Standing backstage at the live telecast of the EleV of the Mastercard Foundation launch, Chante Speidel waited for her name to be called. “It was nerve-wracking”, she says. “I had no idea what questions they’d ask.”
She was about to be interviewed live on APTN (Aboriginal Peoples Television Network). The network was broadcasting the celebration held in Toronto across Canada and beyond in October 2022. There wasn’t an opportunity to rehearse an answer, so she had to focus on staying calm and being confident in speaking on the interview topics: Indigenous youth, education, and the future. Despite the pressure she remembers in that moment, Chante looks back on it as one of the highlights in a list of similar experiences she’s had.
“It was exciting to be backstage and meet the other youth ambassadors.”, she tells us. Chante was surprise to be selected as one of the ambassadors – EleV asked youth from each of their partners across Canada to be a representative and speak at the event that night. When asked why she thought she was selected, she replied, “I’m not sure…”. A humble response from someone whose list of involvement and achievements is not a short one.
Chante has just completed her 3rd year as a student in the B.A. Indigenous Studies program at the University of Saskatchewan. She also recently joined the Oyateki Partnership’s central office team part-time as the Youth Advisor, leading the Youth Advisory Circle. She became involved with Oyateki in the spring of 2022 with the encouragement of Janice Linklater at Saskatchewan Indian Institute of Technologies and knowing that the Partnership’s mission benefits Indigenous youth.
Chante started getting involved in activities involving Indigenous culture and movements at an early age. Both her parents are educators and her father is a powwow dance troupe leader and MCs many events. She has been dancing, “…since I could walk”, she says, and toured the pow-wow circuits around the province and elsewhere with her father for years. Over time she has become an accomplished jingle dress dancer, winning awards nationally and internationally.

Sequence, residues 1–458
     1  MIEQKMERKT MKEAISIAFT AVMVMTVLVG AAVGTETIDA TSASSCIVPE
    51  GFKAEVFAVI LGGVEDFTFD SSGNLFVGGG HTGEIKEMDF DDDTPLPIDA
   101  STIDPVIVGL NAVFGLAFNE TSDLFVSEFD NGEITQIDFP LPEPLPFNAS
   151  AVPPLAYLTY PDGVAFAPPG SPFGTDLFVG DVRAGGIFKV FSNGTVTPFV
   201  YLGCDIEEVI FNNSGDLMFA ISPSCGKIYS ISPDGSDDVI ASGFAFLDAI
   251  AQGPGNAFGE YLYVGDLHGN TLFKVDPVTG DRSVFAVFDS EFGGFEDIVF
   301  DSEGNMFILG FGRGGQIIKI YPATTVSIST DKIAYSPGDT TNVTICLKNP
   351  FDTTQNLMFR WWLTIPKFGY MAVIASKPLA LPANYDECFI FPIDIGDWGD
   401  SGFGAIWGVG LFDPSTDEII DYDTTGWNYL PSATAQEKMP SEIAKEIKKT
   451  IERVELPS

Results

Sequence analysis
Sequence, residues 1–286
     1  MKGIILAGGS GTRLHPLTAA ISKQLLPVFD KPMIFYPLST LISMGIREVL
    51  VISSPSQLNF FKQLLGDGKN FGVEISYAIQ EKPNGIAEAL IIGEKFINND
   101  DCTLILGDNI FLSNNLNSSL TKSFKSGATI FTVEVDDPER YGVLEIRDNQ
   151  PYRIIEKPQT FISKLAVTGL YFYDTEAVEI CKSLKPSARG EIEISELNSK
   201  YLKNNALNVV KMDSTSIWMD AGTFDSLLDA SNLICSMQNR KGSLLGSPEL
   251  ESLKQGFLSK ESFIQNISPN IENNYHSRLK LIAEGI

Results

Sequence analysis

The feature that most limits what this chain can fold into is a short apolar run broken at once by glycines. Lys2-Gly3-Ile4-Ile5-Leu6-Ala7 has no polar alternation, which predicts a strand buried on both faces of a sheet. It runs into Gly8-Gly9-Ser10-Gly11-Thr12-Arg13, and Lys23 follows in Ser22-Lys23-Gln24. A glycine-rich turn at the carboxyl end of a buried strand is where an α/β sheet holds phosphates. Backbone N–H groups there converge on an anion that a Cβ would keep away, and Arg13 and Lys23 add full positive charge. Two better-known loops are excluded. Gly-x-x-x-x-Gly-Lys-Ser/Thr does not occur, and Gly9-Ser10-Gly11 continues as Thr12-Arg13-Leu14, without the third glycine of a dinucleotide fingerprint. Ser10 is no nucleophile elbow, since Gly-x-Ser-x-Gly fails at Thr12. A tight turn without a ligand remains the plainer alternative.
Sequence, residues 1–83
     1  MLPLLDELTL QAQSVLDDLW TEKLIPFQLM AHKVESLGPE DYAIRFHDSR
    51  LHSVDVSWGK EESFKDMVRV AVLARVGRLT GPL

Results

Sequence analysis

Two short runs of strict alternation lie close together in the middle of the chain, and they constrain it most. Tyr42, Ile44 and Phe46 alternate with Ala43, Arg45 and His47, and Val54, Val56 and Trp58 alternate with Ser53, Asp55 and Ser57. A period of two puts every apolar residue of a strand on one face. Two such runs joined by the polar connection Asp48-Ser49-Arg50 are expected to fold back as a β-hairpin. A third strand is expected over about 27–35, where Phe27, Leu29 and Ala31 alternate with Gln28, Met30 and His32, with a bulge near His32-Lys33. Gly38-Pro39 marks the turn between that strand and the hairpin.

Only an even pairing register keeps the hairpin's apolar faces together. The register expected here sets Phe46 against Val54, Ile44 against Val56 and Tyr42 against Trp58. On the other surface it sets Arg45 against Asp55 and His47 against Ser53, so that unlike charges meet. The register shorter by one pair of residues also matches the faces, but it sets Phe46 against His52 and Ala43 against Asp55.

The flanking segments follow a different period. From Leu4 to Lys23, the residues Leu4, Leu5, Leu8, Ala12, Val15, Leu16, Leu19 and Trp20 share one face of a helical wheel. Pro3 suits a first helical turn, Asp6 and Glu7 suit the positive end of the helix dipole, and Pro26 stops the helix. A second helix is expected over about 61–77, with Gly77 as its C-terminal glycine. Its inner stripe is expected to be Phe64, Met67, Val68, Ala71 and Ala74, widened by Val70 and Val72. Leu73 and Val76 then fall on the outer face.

Life has been rich in a cultural sense. In addition, Chante has become a Youth Pipe Carrier and a SunDancer. Beyond involvement in the arts her passion lies in youth advocacy, and she has become a leader and ambassador in her own right.
While she was in high school, the AFN ( Assembly of First Nations) invited Indigenous youth to join them as Carriers of Hope at the 2015 gathering in Ottawa and Toronto. Chante volunteered and travelled to the capitol to participate. She found she was drawn to support and advocacy for youth and their role and position at these events. She was inspired to speaking at the events, promoting for youth to have a voice, to be heard and not to just be listeners.
The Carriers of Hope opportunity led to more of the same events during her high school years, and she became known over time as a true ambassador for her demographic. While her experience and confidence grew she remained modest throughout, which has become another respectable trait she carries.
When Chante’s high school grade 12 class reached graduation time, the world was in the midst of COVID and all its regulation. That disappointingly meant no ceremony and no cap and gown. She’s really looking forward to a year from now to finally enjoy the feeling of walking across a stage for that moment. Beyond that experience, she has no solid plans for the future just yet.
She developed her own organization centered around youth during the pandemic, called Techa Oaye (Lakota, meaning ‘youth transitioning into leadership’). The purpose is to host gatherings of youth, for youth. Having held two successful virtual events already, she is hoping to more of the same post-graduation, possibly taking the events to a national level.
Judging from her track record in what most would say was developed in a very short time, the future looks bright for Chante. No matter where she applies her learnings and skills, we know the youth around her are in good hands.
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